4 The Philosophers Walk The Philosophers Walk –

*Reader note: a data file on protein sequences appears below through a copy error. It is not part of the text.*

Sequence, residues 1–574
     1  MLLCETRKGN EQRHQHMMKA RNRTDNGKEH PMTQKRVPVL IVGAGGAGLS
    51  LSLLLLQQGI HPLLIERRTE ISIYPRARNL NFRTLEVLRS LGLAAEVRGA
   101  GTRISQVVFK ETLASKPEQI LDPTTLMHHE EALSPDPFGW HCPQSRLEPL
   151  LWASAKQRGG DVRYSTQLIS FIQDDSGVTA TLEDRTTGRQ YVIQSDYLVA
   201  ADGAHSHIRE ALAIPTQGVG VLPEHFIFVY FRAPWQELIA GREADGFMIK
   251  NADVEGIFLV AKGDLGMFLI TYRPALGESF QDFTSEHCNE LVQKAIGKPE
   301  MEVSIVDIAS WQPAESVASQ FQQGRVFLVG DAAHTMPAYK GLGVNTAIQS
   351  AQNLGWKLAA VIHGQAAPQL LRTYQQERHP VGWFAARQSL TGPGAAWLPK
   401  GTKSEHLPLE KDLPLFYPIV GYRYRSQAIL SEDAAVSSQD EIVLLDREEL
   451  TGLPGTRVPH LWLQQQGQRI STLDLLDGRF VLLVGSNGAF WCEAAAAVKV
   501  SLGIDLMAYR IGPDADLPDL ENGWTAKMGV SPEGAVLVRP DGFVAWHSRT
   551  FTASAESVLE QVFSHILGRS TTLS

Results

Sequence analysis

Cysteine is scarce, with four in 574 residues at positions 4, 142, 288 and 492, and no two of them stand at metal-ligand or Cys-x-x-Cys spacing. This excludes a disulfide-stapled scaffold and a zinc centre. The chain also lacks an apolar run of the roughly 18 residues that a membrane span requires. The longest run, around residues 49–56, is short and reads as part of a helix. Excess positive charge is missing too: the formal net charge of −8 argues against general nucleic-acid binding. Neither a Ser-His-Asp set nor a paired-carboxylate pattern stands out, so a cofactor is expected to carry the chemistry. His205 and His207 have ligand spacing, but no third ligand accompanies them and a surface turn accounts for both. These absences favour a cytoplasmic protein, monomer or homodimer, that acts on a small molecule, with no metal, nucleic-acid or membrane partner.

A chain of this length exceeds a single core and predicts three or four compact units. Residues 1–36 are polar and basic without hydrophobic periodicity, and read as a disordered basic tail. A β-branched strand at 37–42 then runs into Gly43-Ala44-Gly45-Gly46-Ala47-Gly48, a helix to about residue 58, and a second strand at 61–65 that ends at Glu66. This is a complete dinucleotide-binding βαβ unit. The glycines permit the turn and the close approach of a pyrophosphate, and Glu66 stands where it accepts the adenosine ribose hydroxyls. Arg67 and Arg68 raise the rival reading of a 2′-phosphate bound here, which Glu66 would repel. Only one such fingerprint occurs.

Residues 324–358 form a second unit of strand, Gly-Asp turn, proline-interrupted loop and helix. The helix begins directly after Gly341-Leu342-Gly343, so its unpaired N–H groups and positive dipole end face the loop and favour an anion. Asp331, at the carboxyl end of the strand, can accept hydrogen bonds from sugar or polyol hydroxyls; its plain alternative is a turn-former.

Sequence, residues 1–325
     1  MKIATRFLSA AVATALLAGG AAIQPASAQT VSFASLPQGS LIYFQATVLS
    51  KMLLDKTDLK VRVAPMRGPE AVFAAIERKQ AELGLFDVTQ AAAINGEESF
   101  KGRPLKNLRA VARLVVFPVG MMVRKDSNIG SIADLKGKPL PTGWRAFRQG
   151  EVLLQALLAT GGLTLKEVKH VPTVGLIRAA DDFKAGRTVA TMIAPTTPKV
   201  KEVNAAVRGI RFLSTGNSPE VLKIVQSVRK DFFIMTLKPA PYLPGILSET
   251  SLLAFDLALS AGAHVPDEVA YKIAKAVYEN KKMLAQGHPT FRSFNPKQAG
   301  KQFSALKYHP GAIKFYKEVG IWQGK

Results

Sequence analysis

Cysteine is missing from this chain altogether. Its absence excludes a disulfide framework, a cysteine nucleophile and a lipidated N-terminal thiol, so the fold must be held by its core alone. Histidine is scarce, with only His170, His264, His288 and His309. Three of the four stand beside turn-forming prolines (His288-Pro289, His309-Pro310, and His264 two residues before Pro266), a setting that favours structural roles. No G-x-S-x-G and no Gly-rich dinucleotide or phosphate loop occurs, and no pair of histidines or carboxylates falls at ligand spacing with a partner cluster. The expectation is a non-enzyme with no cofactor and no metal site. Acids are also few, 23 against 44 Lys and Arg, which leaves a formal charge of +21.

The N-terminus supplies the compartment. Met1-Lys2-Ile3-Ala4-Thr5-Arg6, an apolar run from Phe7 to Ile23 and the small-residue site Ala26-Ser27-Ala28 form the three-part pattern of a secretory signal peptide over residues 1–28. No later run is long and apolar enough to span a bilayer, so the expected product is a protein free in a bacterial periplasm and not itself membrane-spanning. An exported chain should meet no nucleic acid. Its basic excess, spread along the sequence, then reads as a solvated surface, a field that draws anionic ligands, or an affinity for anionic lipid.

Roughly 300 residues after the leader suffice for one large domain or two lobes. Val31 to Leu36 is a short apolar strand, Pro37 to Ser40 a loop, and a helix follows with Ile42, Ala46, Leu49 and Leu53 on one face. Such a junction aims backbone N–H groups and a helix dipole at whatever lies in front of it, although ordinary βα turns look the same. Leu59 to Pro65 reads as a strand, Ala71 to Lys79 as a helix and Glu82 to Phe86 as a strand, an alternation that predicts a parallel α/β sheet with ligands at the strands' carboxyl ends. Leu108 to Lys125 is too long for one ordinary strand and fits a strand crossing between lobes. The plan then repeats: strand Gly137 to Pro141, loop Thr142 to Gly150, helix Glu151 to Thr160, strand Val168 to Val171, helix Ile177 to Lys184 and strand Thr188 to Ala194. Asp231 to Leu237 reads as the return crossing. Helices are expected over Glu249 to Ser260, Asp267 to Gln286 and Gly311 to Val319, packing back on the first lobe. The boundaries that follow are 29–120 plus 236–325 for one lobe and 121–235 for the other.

first_img4. The Philosopher’s WalkThe Philosopher’s Walk – named after the 20th century philosopher Nishida Kitaro who liked a stroll down this pretty lane – runs between Ginkaku-ji (the Silver Temple – which is actually made of wood) and Nanzen-ji temple. The wander takes about half an hour, and is at its most glorious in cherry blossom season (late March/early April) when the surrounding trees throw a canopy of delicate pink flowers over the canal.5. KiyomizuderaThe star attraction of the Higashiyama district is Kiyomizudera, a large temple dedicated to the goddess of Mercy. The temple’s wooden terrace – constructed entirely without nails – is its most popular architectural feature, best enjoyed in spring and autumn when it gives you a spectacular view of the surrounding cherry blossom trees and vivid autumn landscape. 6. Heian ShrineBuilt in 1895, Heian Jingu may be a more recent addition to Kyoto’s collection of shrines and temples, but its four gardens are nonetheless some of Kyoto’s best. It’s here that you’ll find those stepping stones from Sofia Coppola’s critically acclaimed film Lost in Translation.7. Nijo CastleLearn the ways of the shogun at Nijo Castle, where powerful warriors appointed by the emperor wielded power and influence throughout centuries of Japanese history. The castle occupies a large site in central Kyoto, with two rings of moats and fortifications built to protect the Ninomaru Palace, where you can wander through private rooms once reserved for only the most important of the shogun’s visitors.8. Nishiki MarketFondly regarded as ‘Kyoto’s Kitchen’, this ancient market is where you’ll find great local produce, perfect for a penny-saving picnic if you’re visiting Kyoto on a budget. Even better, trawl the stalls for your fill of free samples and see if you can spot the matsutake, which, at £750 a pound, is one of the world’s priciest mushrooms. While Tokyo is all flashing neon, future tech and skyscrapers, Kyoto is quieter, quainter and the perfect place to experience authentic Japanese culture. So take the bullet train back in time…We’ve picked 10 of the best sights and attractions essential for getting to know Kyoto.1. Kinkaku-ji, the Golden PavilionKyoto is famous for its temples, their beauty as well as the sheer number of them, hence its nickname, the City of Ten Thousand Shrines. Avoid temple fatigue and choose the ones you visit carefully. A great place to start is Kinkaku-ji, the Golden Pavilion, arguably Kyoto’s most celebrated landmark. Admire its gold-leaf walls reflected in the tranquil pond surrounding it, amidst a peaceful park of cherry trees. Skip the swarms of tourists by arriving bang on 9am, when the site opens. 3. HigashiyamaBuilt into the lowest slopes of the mountains to the east of Kyoto, this historic district is (unsurprisingly) quite hilly, but it’s worth getting out there to see traditional wooden architecture, buy some local crafts and feast on food stall snacks. A special effort has been made to preserve Higashiyama’s old-world vibe; they’ve removed any signs of 21st century living, like telephone cables and poles. 2. Fushimi Inari ShrineThis is another terrific temple to stick on your hitlist. Over 5,000 red torii, or shrine gates, ensure Fushimi Inari-Taisha sticks out from the crowd. Dedicated to Inari (the god of rice and business) the shrine lies at the foot of Mount Inari. The gates – each one a donation from a business enterprise hoping for success – mark out woodland paths leading up the mountain to smaller shrines and city views. 9. Kyoto Station and TowerA train station may not sound like an exciting hangout, but Kyoto’s, designed by architect Hara Hiroshi, is a futuristic, ultra-modern homage to the historic city. While you’re at the station, cross the road and pay a visit to Kyoto Tower. Its 100m-high Observation Deck offers 360 degree views of the city and surrounding mountains – well worth the ¥770 (£4.30) admission fee whether by day or night.10. Gion, the Geisha DistrictGion, in eastern Kyoto, is known as the Geisha District, although they’re called ‘geiko’ in Kyoto dialect (apprentices are ‘maiko’). The exclusive tea-houses where these female performers, artists and conversationalists work are generally out of bounds to tourists. You’ll stil be able to spot them though, out and about during the day, or walking between evening appointments in their distinctive dress. A glimpse of a geiko is a reminder that the traditions of historic Kyoto thrive in a very modern Japan.Want more inspiration for Japanese jaunts? Check these out:Top 9 things to do in TokyoGiant robots? Mega towers? Ancient temples? Electronic sushi restaurants? Tokyo is like a peek in to the future with a foot in the past.5 cool things to experience in JapanLooking for more inspiration in the Land of the Rising Sun? Let us give you some top tips of what to see and do.8 best geek things to see and do in TokyoLove technology and gadgets? Take a tour of 8 of the best hi-tech attractions in Tokyo.Find flights to OsakaHotels in KyotoSkyscanner is the world’s travel search engine, helping your money go further on flights, hotels and car hire.ReturnOne wayMulti-cityFromAdd nearby airports ToAdd nearby airportsDepart14/08/2019Return21/08/2019Cabin Class & Travellers1 adult, EconomyDirect flights onlySearch flights Map Related5 of the most walkable cities in the worldForget confusing public transport and budget-busting taxis. The best way to experience a city like a local is on your own two feet. Not to mention it’s free, and eco-friendly too. We’ve picked five destinations where you can literally take exploring in your stride and suggested routes that join the…Gold Rush: world’s most golden destinationsGold Rush: world’s most golden destinationsBillionaire’s Paradise: where do the super rich hang out?Billionaire’s Paradise: where do the super rich hang out?last_img